Sunday, April 26, 2009
The following post is my eulogy that I wrote on the occasion of Bryan David Klungreseter's Memorial. In it, I vowed that I would keep telling my brother's stories. I have been keeping that promise for my kids and me here in this blog. It has been cathartic. But there were two parts to my pledge and it is time for me to begin on the path to fulfilling the second part.
My neighbor's husband of 20 years left his family and the forlorn wife and teenage daughter have been struggling through these hard times. Like every part of their lives, even their lawn has been affected by their loss. They do not have a man to look after the yard. My other neighbors decided to show love to this family by waiting until the mother and daughter left overnight for a camping trip to give a make-over to their neglected yard. Weeds were pulled, sod installed, colorful flowers planted, sprinklers repaired. Their yard looks lovely this morning. Now when these hurting gals come around the corner into view of their driveway and housefront, this beautiful act of love and service will confront them, not the overgrown dying yard that once reminded them of their loss.
My brother, of his own accord, contacted a home for the families of incarcerated criminals and asked to adopt one at Christmastime. Bryan advertised at his restaurant asking for donations and let my parents and I know, told some of his friends to help collect enough things to make a family without a mom at Christmas feel a little bit less sad. He single-handedly arranged for this family with young kids to be blessed at Christmas time. He bought the feast. He asked for the children's wish list and made sure each item was checked off. Bryan arrived in his Santa hat and joyful heart and made the afternoon sweet and beautiful. It was not awkward or dorky. His sincere and genuine compassion on their hurting family was well-received. It was love in action.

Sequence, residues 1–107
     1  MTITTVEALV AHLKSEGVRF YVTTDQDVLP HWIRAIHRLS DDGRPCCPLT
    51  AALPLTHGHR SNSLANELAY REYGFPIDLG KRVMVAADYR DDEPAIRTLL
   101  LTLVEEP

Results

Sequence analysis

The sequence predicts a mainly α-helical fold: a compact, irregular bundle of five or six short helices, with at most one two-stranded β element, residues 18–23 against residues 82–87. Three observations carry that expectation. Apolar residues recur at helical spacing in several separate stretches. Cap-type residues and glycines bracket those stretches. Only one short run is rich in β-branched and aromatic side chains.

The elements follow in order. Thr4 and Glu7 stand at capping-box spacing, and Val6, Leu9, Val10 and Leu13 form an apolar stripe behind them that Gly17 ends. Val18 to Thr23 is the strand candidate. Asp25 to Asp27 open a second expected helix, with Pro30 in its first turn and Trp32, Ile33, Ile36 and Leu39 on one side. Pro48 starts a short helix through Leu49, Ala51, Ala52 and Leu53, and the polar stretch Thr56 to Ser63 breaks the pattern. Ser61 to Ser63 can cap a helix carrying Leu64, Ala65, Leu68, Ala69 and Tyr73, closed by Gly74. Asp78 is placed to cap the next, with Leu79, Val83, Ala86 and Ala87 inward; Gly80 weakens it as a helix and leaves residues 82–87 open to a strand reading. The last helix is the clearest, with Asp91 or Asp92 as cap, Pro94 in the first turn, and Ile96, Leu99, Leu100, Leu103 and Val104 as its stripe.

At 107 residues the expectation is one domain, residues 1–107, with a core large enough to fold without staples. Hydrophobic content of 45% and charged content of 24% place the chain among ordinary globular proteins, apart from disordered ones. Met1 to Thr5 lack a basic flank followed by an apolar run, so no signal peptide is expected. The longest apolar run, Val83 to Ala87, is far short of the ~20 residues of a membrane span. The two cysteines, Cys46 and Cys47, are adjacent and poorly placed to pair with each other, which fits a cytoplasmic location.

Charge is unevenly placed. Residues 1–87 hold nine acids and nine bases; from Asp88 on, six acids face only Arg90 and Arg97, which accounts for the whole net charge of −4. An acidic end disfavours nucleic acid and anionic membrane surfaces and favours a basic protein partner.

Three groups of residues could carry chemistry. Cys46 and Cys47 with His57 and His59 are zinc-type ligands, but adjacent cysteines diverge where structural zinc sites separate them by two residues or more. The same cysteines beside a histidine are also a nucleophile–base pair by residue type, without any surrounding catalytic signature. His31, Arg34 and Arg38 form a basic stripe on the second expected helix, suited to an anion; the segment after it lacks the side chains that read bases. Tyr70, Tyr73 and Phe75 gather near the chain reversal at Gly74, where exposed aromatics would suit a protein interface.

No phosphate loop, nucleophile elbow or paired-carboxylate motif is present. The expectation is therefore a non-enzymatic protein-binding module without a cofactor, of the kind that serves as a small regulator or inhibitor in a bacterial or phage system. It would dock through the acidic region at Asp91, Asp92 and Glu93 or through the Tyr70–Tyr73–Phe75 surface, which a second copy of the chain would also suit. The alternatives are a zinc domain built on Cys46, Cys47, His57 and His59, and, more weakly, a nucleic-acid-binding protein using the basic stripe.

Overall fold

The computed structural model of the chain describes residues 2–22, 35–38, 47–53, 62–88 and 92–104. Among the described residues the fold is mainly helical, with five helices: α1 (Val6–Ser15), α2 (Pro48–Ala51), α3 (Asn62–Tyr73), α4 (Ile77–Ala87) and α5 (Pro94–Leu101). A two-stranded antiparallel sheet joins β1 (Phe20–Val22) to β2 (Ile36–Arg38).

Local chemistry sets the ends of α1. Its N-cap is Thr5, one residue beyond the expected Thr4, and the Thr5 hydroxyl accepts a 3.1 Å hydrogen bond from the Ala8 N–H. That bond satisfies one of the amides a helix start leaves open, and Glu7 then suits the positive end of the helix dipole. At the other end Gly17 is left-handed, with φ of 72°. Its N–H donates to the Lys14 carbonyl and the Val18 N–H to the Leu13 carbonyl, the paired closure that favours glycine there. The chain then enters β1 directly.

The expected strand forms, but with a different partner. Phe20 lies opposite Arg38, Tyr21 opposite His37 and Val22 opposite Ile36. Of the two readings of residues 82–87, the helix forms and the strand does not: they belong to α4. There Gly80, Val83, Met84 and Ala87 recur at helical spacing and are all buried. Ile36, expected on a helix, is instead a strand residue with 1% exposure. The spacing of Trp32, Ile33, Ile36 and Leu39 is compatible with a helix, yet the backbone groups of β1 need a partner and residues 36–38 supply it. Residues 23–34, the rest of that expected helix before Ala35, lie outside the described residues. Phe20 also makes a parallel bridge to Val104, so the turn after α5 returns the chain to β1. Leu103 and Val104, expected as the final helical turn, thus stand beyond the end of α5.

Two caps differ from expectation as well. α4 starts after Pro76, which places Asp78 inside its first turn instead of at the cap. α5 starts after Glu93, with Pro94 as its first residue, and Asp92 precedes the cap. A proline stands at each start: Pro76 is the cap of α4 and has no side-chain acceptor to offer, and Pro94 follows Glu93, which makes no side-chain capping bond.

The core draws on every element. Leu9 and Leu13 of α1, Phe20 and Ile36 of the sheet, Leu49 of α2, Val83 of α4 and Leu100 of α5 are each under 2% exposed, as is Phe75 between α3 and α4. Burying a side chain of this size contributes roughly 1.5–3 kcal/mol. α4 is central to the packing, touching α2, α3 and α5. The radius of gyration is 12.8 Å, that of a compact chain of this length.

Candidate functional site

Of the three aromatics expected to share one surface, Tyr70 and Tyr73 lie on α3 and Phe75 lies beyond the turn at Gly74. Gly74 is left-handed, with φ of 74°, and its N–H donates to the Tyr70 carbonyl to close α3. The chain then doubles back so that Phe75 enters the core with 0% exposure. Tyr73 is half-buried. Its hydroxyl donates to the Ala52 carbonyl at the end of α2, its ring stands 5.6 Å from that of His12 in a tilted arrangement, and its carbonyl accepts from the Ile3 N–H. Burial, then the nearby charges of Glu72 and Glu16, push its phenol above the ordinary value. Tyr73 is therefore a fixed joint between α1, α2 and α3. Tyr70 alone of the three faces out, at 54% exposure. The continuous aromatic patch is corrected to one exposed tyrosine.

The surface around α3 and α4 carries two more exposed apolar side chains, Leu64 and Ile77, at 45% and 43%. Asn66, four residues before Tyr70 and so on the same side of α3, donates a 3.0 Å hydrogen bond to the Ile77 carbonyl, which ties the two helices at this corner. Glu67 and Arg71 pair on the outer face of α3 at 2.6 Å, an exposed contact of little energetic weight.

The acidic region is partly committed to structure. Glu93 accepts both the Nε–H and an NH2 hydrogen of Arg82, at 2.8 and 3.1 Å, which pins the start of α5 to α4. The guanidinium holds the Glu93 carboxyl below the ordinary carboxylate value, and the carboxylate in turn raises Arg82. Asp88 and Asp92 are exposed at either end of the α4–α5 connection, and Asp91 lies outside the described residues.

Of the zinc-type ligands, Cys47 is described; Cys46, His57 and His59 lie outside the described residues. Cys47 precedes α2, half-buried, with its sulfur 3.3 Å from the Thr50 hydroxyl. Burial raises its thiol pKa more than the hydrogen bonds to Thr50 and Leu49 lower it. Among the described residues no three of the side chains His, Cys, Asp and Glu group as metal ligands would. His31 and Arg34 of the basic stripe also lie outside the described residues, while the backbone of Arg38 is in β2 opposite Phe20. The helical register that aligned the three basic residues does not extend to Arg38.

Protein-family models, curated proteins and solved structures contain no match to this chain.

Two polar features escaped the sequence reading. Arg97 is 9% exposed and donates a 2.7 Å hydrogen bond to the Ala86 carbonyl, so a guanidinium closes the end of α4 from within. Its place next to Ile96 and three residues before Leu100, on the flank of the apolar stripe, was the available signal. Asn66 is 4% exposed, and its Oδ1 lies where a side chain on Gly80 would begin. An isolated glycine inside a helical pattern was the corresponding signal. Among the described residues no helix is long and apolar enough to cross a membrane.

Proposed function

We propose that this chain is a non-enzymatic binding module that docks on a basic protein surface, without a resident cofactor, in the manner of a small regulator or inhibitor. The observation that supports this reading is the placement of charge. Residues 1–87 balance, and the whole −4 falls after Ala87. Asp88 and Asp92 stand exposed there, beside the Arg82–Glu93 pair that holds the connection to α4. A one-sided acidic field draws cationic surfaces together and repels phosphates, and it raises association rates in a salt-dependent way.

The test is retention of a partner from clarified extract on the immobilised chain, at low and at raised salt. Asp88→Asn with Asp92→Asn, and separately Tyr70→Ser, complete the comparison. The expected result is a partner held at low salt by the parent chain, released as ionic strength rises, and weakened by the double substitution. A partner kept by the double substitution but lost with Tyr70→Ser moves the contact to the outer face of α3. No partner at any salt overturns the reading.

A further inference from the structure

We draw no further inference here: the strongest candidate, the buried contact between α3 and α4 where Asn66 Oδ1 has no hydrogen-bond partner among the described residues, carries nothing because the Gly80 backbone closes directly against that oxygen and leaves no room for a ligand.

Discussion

There were other times, like when we had tons of leftovers from our Thanksgiving dinner and Bryan decided that we should pack up plates with all the fixings and deliver them to Grape Day Park. It was a park in Escondido with a large population of homeless folks. We walked all around that park for an hour. You know we did not encounter one person that evening in the park with or without a home! But it was his heart for these unknown (and unmet!) homeless folks that stays with me.
Other times, Bryan organized relief efforts for a battered women shelter near his home. Or for the needy people he heard about. He gave generously to all the causes I solicited money for--Cystic Fibrosis Walks, Youth Camp scholarships, the list goes on and on. Not to mention the countless times he invited along a lonely soul to whatever gathering he was a part of! Bryan had a heart for the down and out. And then there is all the ways he served and loved me and my family. We were the direct recipients of so much of his lavish generosity and love.
I said all that to say this: remembering his life as I wrote Bryan's eulogy made me want to be a better person. A person who loves people and pours out his life for them. So that is the next step in my healing journey today. It is time for me to get up from sitting in front of this computer and live like Bryan did. I committed to that over four months ago. Today, I resolve anew to pursue that promise. I want to make my brother proud. I want to make my Lord proud. Since I have so few resources just now, I need to be selective in how I spend my limited time and energy. And I think my kids have seen me sitting here a little too frequently of late. I want them to remember that I loved HUGE like their Uncle. I promised.
I will finish telling his story. Here. Someday. Maybe sooner rather than later. I did pledge to that. I want to have these words bound in book form so that one day my children can read it to their children. I still have a heartload of stories. But right now I need to begin to look for ways and places to pour out my life into others like my brother did. So I won't have as much time for blogging. Thanks for joining me each post as a tribute to my beloved brother's memory, his short life. It was right and good that I did it. And it is right and good that I stop for awhile. Maybe when I begin again, I will have some stories of love lived out like the ones I shared about my neighbor and my brother. I promised.
Posted by Reilly Fitzpatrick at 6:51 PM